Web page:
INTELLIGENCE reports about a possible attack on Pope Francis should not be taken lightly and authorities should not be complacent because if something happened, the Philippines could be the world’s “center of attraction” in January, according to a top Philippine National Police (PNP) official.
Speaking on condition that he should not be named for lack of authority to speak on the matter, the police official, who was instrumental in the identification and eventual capture of al-Qaeda terrorist Ramzi Yousef in the 1990s, said his long experience as a police investigator handling such sensitive cases requires him to “respect” intelligence reports about a possible plot to harm the pope by those who have pledged allegiance to the Islamic State in Iraq and Syria (ISIS).
The pontiff will be in the Philippines from January 15 to 19 next year.
“My gut feel, and I have always trusted my instincts in matters such as this, is that they [terrorists]might try it again. Therefore, nobody should take this [threat]lightly and be complacent. We don’t want to be blamed if anything wrong happens,” said the source, who traced Yousef’s footsteps from the Josefa Apartments that was gutted by fire in Manila to the Philippine Airlines flight to Japan that was rocked by an explosion, around the time of Pope John Paul II’s visit in 1995.
“They tried it before. They might give it another shot,” he added.
The source said he was among those who had warned US authorities about a supposed plot by terrorists to blow up a passenger aircraft but was ignored.
“So there was the September 11  attacks on the World Trade Center,” he noted.
The source was also privy to the report on Oplan Bojinka, a large-scale, three-phase Islamist attack by Yousef and Khalid Sheikh Mohammed involving a plot to assassinate Pope John Paul II, an air bombing of 11 airliners flying from Asia to the United States with 4,000 passengers and a proposal to crash a plane into the headquarters of the CIA in Fairfax county, Virginia.
The Bojinka plot was disrupted after a chemical fire drew the PNP’s attention on January 6 to 7, 1995 at the Josefa Apartments along the pope’s parade route.
Before the plot was disrupted, Yousef had detonated test bombs in a mall and theater, injuring scores of people, as well as on Philippine Airlines Flight 434, killing one person and nearly causing enough damage to result in destruction of the aircraft.
When asked why intelligence sources have been leaking information about the ISIS’ movements when the PNP and the Armed Forces of the Philippines (AFP) have denied the existence of such plot, the source, who holds one of the most sensitive positions in the PNP at present, explained this is necessary “to keep everyone on their toes without causing undue panic.”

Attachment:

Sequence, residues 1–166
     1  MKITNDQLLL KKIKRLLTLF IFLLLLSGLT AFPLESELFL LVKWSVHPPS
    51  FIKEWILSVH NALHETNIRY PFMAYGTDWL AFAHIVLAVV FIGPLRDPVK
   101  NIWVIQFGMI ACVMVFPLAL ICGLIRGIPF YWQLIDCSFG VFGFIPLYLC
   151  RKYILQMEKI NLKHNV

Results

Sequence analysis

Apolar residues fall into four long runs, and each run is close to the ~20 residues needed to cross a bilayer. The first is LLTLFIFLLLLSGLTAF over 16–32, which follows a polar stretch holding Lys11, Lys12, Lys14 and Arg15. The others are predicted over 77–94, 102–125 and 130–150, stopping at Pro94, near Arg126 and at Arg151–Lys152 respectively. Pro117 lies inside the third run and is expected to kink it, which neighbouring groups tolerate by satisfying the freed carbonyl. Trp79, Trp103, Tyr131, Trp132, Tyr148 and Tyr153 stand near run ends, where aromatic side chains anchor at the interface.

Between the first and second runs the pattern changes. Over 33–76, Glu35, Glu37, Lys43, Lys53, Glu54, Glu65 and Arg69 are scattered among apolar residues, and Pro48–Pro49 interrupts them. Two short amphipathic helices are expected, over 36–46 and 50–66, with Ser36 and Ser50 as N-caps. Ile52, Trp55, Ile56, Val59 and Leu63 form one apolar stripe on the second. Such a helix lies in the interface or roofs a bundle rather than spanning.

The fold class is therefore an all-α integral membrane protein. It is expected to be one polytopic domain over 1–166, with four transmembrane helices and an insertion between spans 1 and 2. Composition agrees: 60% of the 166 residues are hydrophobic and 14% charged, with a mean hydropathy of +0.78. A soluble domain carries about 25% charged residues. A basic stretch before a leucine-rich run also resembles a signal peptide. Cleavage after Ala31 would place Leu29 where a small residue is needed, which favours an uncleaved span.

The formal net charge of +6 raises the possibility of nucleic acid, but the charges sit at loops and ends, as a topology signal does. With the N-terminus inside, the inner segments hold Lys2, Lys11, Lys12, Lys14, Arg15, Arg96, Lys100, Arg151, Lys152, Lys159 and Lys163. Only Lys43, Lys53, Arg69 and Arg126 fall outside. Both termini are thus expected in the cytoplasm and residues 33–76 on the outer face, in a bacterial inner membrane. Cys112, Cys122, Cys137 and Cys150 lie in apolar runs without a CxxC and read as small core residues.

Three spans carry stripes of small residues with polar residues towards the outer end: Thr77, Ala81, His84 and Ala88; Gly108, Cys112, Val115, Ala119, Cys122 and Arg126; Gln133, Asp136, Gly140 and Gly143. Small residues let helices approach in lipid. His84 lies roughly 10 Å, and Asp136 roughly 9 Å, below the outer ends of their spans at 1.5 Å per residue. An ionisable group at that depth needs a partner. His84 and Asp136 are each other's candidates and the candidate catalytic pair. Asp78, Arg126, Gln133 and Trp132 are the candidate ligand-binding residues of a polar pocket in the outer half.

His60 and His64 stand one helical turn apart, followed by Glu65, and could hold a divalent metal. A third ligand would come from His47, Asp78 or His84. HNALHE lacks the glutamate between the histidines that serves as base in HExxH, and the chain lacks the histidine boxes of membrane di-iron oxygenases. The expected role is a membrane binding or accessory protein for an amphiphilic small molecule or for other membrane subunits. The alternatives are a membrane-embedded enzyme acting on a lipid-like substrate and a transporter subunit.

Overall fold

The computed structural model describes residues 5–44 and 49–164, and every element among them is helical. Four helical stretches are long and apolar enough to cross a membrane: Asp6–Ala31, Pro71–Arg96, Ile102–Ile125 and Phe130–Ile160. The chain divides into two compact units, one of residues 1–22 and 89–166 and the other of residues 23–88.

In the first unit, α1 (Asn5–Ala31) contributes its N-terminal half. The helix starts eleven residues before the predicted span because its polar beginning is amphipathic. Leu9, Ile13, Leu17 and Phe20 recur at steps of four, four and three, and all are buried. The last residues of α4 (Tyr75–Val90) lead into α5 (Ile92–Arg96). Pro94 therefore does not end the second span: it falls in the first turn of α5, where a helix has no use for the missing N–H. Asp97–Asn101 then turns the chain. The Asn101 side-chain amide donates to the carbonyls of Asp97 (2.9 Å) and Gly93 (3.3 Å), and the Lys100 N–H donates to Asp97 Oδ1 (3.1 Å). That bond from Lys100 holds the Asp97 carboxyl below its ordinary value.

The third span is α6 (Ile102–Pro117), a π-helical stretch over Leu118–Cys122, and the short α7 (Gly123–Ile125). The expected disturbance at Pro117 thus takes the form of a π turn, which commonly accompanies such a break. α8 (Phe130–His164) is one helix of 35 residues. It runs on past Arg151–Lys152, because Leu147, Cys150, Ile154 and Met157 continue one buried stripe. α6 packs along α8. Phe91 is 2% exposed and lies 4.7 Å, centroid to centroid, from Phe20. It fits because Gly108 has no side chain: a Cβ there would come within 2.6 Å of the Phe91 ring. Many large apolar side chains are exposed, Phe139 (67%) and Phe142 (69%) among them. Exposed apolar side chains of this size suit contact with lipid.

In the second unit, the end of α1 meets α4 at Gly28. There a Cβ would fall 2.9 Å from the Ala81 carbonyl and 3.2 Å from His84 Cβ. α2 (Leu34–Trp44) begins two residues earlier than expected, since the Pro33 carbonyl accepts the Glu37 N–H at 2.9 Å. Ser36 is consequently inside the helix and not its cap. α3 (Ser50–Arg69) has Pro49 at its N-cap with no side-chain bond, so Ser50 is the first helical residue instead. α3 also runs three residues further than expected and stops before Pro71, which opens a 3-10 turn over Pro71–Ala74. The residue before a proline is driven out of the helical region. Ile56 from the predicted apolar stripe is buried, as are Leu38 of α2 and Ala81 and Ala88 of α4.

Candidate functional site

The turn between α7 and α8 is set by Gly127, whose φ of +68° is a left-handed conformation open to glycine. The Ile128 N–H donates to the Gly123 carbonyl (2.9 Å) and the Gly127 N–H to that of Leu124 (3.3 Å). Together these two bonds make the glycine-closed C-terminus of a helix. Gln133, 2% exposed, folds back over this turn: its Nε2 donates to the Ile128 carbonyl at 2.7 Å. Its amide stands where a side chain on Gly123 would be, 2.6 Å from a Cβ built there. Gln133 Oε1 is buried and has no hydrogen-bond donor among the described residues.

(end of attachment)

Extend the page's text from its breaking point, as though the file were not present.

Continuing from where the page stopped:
“The matter should be taken seriously. The threat is real,” he said.
The official’s statements came amid reports on involvement of at least one Filipino jihadist in the beheading of several Syrian soldiers by ISIS militants recently.
On Thursday in Malacanang, Presidential Communications Secretary Herminio Coloma Jr. said there was no confirmation from the AFP about the supposed ISIS recruitment in the Philippines.
“According to the Armed Forces of the Philippines, there is no confirmed report of ISIS recruitment here in the Philippines. The AFP said it is coordinating with local leaders to prevent ISIS recruitment efforts and enjoined their support to our counter-radicalization campaign in the communities,” Coloma told reporters.
“The AFP and other law enforcement authorities are still ascertaining the authenticity of the video,” he said.
Coloma maintained that law enforcement agencies continue to be vigilant against threats posed by ISIS.
President Benigno Aquino 3rd recently belied reports that ISIS had recruited Filipino fighters into its ranks although he admitted that the country is vulnerable to “lone wolf” attacks.
Earlier, a source of The Manila Times from the PNP intelligence service claimed that a team of jihadists led by Jemaah Islamiyah-trained Abdul Basit Usman and the Al Hansar Khilafa group, which had sworn allegiance to ISIS, was sent to Luzon to plan attacks.
The source, who is familiar with movements of local militants, said the deployment of the team may have something to do with the papal visit.
But according to Malacanang, the claims still have to be verified but the AFP and the PNP are ready “at all times” to ensure the security of anyone, especially Pope Francis, “in terms of surveillance, monitoring and exchange of intelligence information with their foreign counterparts.”
“The Armed Forces and the [PNP] are dedicated to act on security threats in the country,” Coloma said.
The Times reported on Tuesday that the group now in Luzon is identified with Al Hansar Khilafa and was formed in July and has reportedly recruited more than 60 fighters who came from different militant groups in the country such as the Rajah Solaiman Movement-Abu Sayyaf Group of Isnilon Hapilon and Usman’s former men in the Moro Islamic Liberation Front (MILF).
Recruits from the Bangsamoro Islamic Freedom Fighters (BIFF) and three members of the Jemaah Islamiah (JI) complete the group, it was said.
The source said Usman’s men, who could now be in Metro Manila and in the Southern Tagalog region, are all trained in making explosives.
Another police intelligence source earlier said a group of foreign jihadists has set up a cell in Luzon and may also be plotting to kill the pontiff when he visits the Philippines early next year.